I started writing last summer about the common threads for those contractors who are highly successful, as opposed to those who are just barely making it, or in some instances, are no longer around, and have put them into a top (or bottom, depending how you look at it) 10 list.
Recapping to date, No. 10 was Poor Project start (link here), No 9 – Documented Processes, a.k.a. semi-organized chaos, No. 8, Poor project communication, No. 7, Support systems – software and infrastructure, that don’t support organizational success and last time we covered No.6 – Information Silos. I want to get through the entire list this year, so we’re going to cover two this time- Number 5, Bad estimating, and Number 4, broken change order processes.
Getting into the top five – you could make the case that any of these could be the most important issue for any contractor. –
The impact of bad estimating is clear to most contractors – consistently bid too high, and you don’t win enough business, too low, and you end up with low margin or losing jobs, a sure recipe for disaster. Then there is the opportunity cost when good margin work is available but you can’t bid it because you are fully booked with low margin jobs.
Everyone we talk to is busy, and margins are generally healthy, reflective of the great growth in construction work since the great recession. But we all know it won’t last forever, making it important now to develop and maintain good estimating practices.
The consistently profitable contractors have an estimating process in place. I doesn’t matter so much which estimating system is used – even that Excel spreadsheet template is fine – as much as how it is used, starting with the selection of which jobs to bid in the first place. Do you have a template of your ideal job, the “sweet spot” that you know you can profitably execute on?
Something that I think every contractor should know, but I think very few do – what is your cost to bid a job? If you take your entire estimating cost and divide it by the number of jobs bid, and number of job won, what is does each estimate actually cost? Sometimes knowing that number helps you decide what kind of jobs to avoid spending estimating resources on.
Beyond that, does your system provide a consistent review process? Do you allocate enough time for review and revisions? How about estimate evaluation – does your system allow you to collect and analyze bid and job performance by relevant metrics – by type and size of job, by estimator, by GC or owner type, etc? Do estimators get feedback on actual performance of jobs they bid in the past, to help them avoid those mistakes in the future, and to repeat successes?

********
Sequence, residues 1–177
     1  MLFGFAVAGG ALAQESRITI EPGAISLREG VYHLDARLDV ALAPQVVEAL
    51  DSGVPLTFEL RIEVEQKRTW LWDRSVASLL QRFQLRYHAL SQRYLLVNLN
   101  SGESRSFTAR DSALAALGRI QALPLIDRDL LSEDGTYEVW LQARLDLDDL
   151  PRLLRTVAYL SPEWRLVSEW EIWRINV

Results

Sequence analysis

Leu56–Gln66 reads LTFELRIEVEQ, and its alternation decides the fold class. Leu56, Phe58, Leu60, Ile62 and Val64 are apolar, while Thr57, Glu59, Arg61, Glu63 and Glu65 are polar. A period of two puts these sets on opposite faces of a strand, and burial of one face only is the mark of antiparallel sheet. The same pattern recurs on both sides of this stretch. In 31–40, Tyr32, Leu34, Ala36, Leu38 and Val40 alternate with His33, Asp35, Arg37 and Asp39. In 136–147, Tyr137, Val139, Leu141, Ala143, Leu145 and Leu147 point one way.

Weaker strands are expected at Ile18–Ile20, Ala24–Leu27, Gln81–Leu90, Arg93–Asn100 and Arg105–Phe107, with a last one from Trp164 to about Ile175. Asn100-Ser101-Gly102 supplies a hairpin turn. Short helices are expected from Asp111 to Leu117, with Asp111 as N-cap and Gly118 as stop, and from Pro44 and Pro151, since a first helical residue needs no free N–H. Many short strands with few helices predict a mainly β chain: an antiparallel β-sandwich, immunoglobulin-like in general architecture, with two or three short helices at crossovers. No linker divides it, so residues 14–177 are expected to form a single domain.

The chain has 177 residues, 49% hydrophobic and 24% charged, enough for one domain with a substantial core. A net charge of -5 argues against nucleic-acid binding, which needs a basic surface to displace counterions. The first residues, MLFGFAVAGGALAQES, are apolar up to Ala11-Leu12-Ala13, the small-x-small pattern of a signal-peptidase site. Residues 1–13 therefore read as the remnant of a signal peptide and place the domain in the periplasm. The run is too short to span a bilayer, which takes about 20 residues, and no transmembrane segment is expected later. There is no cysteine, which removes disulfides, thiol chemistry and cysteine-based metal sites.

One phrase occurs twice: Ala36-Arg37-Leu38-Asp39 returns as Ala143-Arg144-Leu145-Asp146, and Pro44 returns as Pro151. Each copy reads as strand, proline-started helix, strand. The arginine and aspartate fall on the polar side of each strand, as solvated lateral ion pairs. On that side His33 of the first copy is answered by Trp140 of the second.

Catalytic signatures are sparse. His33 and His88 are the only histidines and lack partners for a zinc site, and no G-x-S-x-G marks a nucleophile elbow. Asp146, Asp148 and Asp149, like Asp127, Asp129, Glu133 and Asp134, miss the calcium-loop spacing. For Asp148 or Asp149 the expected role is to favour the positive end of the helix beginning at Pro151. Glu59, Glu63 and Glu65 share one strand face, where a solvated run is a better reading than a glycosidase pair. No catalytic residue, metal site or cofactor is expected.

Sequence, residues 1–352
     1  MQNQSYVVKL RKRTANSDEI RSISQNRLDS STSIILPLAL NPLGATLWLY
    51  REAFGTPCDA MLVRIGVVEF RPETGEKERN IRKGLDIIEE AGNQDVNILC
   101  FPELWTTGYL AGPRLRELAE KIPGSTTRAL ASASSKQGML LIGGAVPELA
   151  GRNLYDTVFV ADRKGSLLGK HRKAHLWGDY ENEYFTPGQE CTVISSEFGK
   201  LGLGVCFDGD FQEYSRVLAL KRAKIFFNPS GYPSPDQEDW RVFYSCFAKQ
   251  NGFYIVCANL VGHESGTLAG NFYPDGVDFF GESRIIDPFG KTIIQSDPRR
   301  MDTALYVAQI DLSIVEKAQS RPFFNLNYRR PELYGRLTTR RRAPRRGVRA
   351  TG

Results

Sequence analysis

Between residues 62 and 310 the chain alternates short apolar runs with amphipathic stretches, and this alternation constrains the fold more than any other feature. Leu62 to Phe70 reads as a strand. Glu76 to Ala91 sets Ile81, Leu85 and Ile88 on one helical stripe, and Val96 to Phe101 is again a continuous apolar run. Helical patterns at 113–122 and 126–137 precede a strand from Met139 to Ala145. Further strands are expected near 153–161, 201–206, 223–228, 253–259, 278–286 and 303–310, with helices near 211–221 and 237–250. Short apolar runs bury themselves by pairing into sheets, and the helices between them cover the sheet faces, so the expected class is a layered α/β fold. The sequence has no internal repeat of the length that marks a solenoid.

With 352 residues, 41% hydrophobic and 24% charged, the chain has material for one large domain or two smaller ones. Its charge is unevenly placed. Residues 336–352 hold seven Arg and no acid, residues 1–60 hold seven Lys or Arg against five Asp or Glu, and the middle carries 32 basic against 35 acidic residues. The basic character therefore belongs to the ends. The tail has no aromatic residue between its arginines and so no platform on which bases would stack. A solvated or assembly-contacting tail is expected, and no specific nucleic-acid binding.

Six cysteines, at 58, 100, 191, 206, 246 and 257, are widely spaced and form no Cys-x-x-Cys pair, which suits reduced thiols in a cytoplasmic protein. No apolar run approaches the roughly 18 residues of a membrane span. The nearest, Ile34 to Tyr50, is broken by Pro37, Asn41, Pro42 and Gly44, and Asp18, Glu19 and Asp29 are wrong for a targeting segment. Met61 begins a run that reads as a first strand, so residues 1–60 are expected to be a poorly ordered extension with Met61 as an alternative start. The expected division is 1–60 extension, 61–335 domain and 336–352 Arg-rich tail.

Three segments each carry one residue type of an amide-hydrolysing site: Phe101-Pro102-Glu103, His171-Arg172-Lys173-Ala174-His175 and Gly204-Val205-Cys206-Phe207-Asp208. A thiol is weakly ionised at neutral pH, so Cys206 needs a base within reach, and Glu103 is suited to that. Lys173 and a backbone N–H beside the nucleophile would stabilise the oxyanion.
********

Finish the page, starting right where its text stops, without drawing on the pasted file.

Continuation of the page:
Putting a consistent system in place that documents each step, provides time for review and for end of job feedback, and takes in account the cost of estimating, will help you get where you want to be with job profitability.
A related issue is how change orders are handled. Bad mistake No. 4 is broken change order processes. This mistake typically starts at the very beginning of a project, with the project start-up. Like most processes, the break-down is usually in the “hand-offs” from one person or department to another. The new job comes in, a project manager is assigned, and all the details of the job are handed off from the estimator to the project manager. How well is that hand off accomplished – how timely, in how much detail? Are potential areas of risk identified right from the start?
Now the job has to be staffed – superintendent, foremen, specialists, laborers, etc., depending on your specific job staffing process. Each of those people will have a great idea about the exact scope of work and what could constitute a change, and knows exactly what to do when they discover such a change, or are asked to do what could be “extra” work, right? There is a process that provides a mechanism daily to report on potential changes, correct? Those potential changes are communicated in enough detail to allow the change to be quoted and processed? And once quoted, the changes are documented and followed up on in a timely manner for approval, billing and collection?
Very rarely do I get a yes to all of those questions. If you are able to answer all those in the affirmative, congratulations and keep up the good work. For the rest of you, the break downs in your change order processes are for sure costing you money.
Stayed tuned next edition for numbers 2 and 3 on the list.